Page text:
So my son took out some matches the other day and I grabbed them away, admonishing him to NEVER play with matches. He shrugged his shoulders and said okay, but then looked over at his older brother who said, “Right. Only grown-ups are allowed to play with matches.” I had the requisite fire-safety-discussion, but couldn’t get the idea of adults playing with fire out of my mind.

So here’s what happened with that. Enjoy! 🙂 

The taxi stopped across the street and I froze.  I swallowed hard and gripped the back of the driver’s headrest hoping that maybe he would ignore my request to stop and somehow, magically, move onward.  Instead, he grumbled the fare and held out his hand not even looking back at the terror  written on my face.  I fumbled for change, paid him, and got out onto the curb.

It looked the same as it had twenty years ago.  The bricks seemed angrier, though.  As if they had been sulking all this time, waiting for my return.  The trees were bare but then I had never remembered the foliage brightening the surroundings very much.  For me, it was always darkness, hopelessness.  Why had I come back to this place?  What compelled me?  I had long ago vowed never to return and yet a part of me needed to walk through that rounded door once more – to put to sleep demons that had haunted me all those years.  The sleepless nights, the dark images, every nightmare – they all stemmed from this place.

I glanced up and down the street.  No cars.  Not a soul.  Of course not.  I had never heard anything but silence all those years.  From the tiny window on the second floor I would strain my eyes for something – a bird, a child, just another human being.  But in all those years not one other soul – not a noise save for my own heart beating quickly.

I crossed the street to the front door.  Amazing that no one had torn this place down.  It was the oldest monstrosity on the block.  I didn’t remember the other houses either.  I only remembered the solitude. I brushed the cobwebs from the grating on the door.  I needed to find one thing in this place of death.  It beckoned me, whispering my name.

I broke the knob.

Air escaped through the crack like a geyser, spitting debris and dust into my face.  I pulled back sputtering and coughing.  It didn’t want me to come in. I gripped the doorknob again and slowly pulled it towards me.  Light spilled onto the dusty floor illuminating the shelves and wooden furniture.  The books lay untouched all these years on their shelves, begging for a reader.  I fingered their leather bindings – all the classics, all the romances.  How could such beauty reside in such evil?  It was a paradox I couldn’t reconcile in my mind.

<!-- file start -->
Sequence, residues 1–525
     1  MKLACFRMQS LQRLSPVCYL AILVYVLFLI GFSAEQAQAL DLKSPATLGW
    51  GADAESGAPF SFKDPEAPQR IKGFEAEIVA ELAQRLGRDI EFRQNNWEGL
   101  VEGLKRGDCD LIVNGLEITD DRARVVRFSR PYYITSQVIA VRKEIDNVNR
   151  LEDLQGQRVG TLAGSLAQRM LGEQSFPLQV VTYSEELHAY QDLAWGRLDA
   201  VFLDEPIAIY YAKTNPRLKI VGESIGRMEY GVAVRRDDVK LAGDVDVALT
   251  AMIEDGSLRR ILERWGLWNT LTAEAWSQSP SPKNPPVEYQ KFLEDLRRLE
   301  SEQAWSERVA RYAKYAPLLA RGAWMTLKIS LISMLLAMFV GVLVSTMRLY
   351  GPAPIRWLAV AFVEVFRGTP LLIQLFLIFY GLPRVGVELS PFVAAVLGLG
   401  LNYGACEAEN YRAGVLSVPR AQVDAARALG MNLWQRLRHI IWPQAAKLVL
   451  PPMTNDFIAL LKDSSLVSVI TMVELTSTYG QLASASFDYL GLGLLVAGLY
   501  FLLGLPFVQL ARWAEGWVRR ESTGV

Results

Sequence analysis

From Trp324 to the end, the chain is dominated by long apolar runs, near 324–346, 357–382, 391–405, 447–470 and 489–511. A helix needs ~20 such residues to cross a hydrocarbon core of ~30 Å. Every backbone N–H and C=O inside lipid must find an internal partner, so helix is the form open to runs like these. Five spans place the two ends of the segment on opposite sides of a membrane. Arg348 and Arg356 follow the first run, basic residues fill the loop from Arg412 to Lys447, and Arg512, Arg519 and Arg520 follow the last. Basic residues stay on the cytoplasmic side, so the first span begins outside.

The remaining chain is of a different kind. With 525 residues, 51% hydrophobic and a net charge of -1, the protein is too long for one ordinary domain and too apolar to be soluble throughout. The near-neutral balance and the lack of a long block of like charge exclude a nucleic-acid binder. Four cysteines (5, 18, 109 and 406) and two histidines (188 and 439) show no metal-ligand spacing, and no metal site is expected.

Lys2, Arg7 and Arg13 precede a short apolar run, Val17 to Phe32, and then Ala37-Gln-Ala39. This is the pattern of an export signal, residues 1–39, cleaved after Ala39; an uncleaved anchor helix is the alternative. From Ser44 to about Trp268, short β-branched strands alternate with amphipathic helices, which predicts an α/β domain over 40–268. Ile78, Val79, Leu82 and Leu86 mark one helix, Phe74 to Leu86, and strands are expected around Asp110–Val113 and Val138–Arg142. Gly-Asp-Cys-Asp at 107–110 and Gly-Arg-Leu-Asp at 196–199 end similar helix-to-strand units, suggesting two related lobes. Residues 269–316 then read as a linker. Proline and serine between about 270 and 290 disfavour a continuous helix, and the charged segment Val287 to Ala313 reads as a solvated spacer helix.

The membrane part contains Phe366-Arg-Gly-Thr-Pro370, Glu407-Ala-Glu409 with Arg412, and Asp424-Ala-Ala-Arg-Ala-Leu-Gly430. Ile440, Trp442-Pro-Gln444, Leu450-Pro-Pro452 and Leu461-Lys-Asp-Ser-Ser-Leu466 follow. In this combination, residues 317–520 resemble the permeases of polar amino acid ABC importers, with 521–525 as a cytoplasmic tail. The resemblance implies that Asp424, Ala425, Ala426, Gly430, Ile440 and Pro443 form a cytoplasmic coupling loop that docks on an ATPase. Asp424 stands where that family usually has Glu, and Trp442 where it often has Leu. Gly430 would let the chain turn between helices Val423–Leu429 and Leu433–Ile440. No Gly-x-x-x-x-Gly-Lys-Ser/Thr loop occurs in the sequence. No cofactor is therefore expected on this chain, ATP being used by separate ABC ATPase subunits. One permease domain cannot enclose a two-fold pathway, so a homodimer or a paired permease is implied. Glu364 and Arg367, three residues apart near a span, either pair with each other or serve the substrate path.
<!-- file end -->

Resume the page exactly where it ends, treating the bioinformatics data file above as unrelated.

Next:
Looming in the center of the room was the chair.  That chair he would sit in for hours at a time – not reading, barely breathing – just staring blankly into space.

I closed my eyes trembling.

I needed to destroy it.  I needed to rid myself of this nightmare – kill him once and for all – purge myself of this pain I’ve carried for years.  I frantically pulled the container out of my bag, clumsily spilling its contents on my hands.  I poured it on the floor. The chair, the beautiful books. I ran around the room, a lab rat trying to escape.

I paused at the staircase – unable to go up, unable to walk that route again.  I spilled the kerosene on the banister and stairs and ran before they could capture me again.

I looked around breathing heavily.  I dropped the container bouncing it loudly on the hardwood floor.  Backing up towards the door, my eyes darting back and forth, I reached into my pocket.

My hands were shaking violently as I lifted the match from its book.  It lit quickly despite my trembling and I held it momentarily, glancing one last time at the room.

“I am in control now,” I thought.  “It’s over.  You can’t have my life anymore.”

I dropped the match watching the flames explode on the floor.  They licked the banister, blackened the wood chair.  The kerosene container melted into a disfigured molten mass.  I laughed.  Quietly at first, but then riotously –  I was in control.  I was the strong one now.

I bolted for the door and watched the house burn.  Smoke poured from the windows.  I was in awe.  I had harnessed the power of God himself.  This place of death, now alive in flame.  It was over.  I walked away. Drained.

I picked up the newspaper the next day at the bus station.  The town was abuzz with the story of the blaze.  “What a tragedy,” they were saying.  How ironic.  I quickly found the article.  There was a picture of a family holding each other by the gutted black debris.  My breath caught in my throat.  The house -–it looked different.  Those people, who were they?  That window – was it always there? Arsonist?  Serial Arsonist?  No they don’t understand.  They can’t understand.

I boarded the bus.  It was time to move on.  To find the next house, the right house this time- and destroy it finally.

The taxi pulled up in front of the house and the fear in my stomach was palpable.  There it was.  The one from my nightmares.  For twenty years it I needed to return and now I finally found it.  Its wooden slats lay warped and dirty.  The windows unusually cheerful, masking their dark secrets.

The matches were in my pocket. It was time to purge my soul again.  Time to conquer.  Time to kill the demons.  I exited the taxi and approached the wooden door.

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